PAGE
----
The 1929 solid block house had some lovely features but no insulation values, it therefore required insulating and an airtight retrofit. A one-storey extension to the side and a two storey extension gave the size and functionality a modern family require.
The walls of the extension feature 220mm deep timber frame studs with blown cellulose insulation, airtightness membrane and a continuous hemp-filled services zone. The aquapanel cladding system (with 60-year agrement certificate) clads the rear and front elevations of the extension. A rendered blockwork outer leaf protects the side walls of the extension.
The extension has under floor heating and timber wide board floors. Good levels of insulation, low thermal bridge junctions and airtightness have been used throughout. Mechanical ventilation with heat recovery was specified to ensure good air quality and a reduced heat load as the heat of the extracted air is transferred to the oxygen-rich air being supplied.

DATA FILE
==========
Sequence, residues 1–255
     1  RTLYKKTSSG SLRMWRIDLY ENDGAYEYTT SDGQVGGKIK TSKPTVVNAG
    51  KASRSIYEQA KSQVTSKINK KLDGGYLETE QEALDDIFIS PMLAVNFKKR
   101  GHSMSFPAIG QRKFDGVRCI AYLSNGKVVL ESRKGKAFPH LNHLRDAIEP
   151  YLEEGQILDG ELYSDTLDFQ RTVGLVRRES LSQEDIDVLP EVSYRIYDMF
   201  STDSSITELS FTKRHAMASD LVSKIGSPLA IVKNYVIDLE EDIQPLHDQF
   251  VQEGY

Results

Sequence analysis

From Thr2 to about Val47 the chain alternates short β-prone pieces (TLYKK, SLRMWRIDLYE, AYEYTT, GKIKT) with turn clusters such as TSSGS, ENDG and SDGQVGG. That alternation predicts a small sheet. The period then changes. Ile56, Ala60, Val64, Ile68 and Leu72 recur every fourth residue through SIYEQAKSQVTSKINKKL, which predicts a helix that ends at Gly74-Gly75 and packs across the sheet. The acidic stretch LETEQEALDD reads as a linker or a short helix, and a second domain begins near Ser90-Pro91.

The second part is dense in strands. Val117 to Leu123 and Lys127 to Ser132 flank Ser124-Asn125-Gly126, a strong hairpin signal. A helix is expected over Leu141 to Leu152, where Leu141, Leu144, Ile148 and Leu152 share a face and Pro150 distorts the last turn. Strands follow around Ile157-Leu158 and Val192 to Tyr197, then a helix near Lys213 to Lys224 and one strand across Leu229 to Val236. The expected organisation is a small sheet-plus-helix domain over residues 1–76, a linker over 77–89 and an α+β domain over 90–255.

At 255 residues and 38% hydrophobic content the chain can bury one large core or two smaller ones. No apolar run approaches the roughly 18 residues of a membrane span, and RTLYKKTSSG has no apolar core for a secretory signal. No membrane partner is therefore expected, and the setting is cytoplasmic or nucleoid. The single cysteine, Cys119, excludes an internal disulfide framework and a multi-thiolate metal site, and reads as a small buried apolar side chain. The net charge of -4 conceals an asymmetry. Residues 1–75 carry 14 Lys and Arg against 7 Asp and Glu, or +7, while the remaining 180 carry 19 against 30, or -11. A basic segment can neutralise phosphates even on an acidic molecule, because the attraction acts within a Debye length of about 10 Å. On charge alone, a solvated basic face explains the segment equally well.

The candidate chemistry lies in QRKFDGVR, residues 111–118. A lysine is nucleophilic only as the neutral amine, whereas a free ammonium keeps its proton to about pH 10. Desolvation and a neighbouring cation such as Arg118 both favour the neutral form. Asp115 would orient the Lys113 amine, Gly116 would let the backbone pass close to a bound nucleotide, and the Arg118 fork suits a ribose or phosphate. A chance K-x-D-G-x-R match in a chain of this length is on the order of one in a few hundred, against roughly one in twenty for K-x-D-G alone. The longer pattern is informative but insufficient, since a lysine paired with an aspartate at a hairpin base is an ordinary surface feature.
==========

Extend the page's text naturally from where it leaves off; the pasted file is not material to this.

A careful arrangement of windows and rooflights ensure natural light deep into the plan.
All original features, such as picture rails, have been reinstated in original rooms after the dry-lining. These features do not carry into the extension thought the skirting board profile and timber flooring give continuity throughout.
An analysis of the walls of the extension has enabled us assess the carbon emissions of various alternate buildups. Much of the specification comes from a low embodied energy, low carbon and health perspective. The GGBS slab of the extension saved 8.5 tons of CO2.
More can be read on the house and low carbon construction in this article.